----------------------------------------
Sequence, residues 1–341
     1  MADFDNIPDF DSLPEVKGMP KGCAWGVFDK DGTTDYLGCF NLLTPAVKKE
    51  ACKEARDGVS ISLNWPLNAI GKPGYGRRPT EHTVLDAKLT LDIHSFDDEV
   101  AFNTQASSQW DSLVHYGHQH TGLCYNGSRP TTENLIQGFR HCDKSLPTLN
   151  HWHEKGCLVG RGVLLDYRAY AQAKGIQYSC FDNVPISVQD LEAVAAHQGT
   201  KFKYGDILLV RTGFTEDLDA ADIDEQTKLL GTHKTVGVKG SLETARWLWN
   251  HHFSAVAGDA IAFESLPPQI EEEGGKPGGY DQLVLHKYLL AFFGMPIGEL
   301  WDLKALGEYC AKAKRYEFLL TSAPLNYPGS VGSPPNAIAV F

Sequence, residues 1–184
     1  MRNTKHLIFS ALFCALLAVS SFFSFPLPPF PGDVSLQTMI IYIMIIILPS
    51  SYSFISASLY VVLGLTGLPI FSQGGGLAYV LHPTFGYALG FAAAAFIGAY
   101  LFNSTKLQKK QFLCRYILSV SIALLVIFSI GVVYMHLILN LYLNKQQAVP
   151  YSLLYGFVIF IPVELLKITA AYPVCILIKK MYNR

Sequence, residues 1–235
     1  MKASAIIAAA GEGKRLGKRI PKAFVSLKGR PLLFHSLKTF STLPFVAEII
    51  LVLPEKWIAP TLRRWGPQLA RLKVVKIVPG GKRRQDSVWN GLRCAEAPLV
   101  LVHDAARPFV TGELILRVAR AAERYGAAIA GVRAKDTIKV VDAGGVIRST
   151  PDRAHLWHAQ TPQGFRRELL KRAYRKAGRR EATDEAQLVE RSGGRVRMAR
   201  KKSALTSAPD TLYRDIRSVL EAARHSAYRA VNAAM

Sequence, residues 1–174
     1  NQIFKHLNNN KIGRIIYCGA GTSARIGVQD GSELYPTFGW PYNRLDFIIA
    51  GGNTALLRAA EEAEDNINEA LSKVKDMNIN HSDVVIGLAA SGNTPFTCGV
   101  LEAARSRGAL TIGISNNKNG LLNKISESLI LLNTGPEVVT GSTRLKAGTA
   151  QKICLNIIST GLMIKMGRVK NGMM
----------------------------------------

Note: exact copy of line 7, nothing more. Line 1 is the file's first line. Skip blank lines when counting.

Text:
   251  HHFSAVAGDA IAFESLPPQI EEEGGKPGGY DQLVLHKYLL AFFGMPIGEL